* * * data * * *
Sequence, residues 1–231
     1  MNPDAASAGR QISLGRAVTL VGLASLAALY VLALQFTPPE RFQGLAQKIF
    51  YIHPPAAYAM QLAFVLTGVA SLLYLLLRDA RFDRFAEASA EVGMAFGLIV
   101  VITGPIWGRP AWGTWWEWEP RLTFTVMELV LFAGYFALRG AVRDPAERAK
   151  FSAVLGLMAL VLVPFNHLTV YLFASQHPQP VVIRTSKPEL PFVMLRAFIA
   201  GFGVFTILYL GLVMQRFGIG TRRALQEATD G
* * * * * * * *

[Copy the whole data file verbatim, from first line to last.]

Sequence, residues 1–231
     1  MNPDAASAGR QISLGRAVTL VGLASLAALY VLALQFTPPE RFQGLAQKIF
    51  YIHPPAAYAM QLAFVLTGVA SLLYLLLRDA RFDRFAEASA EVGMAFGLIV
   101  VITGPIWGRP AWGTWWEWEP RLTFTVMELV LFAGYFALRG AVRDPAERAK
   151  FSAVLGLMAL VLVPFNHLTV YLFASQHPQP VVIRTSKPEL PFVMLRAFIA
   201  GFGVFTILYL GLVMQRFGIG TRRALQEATD G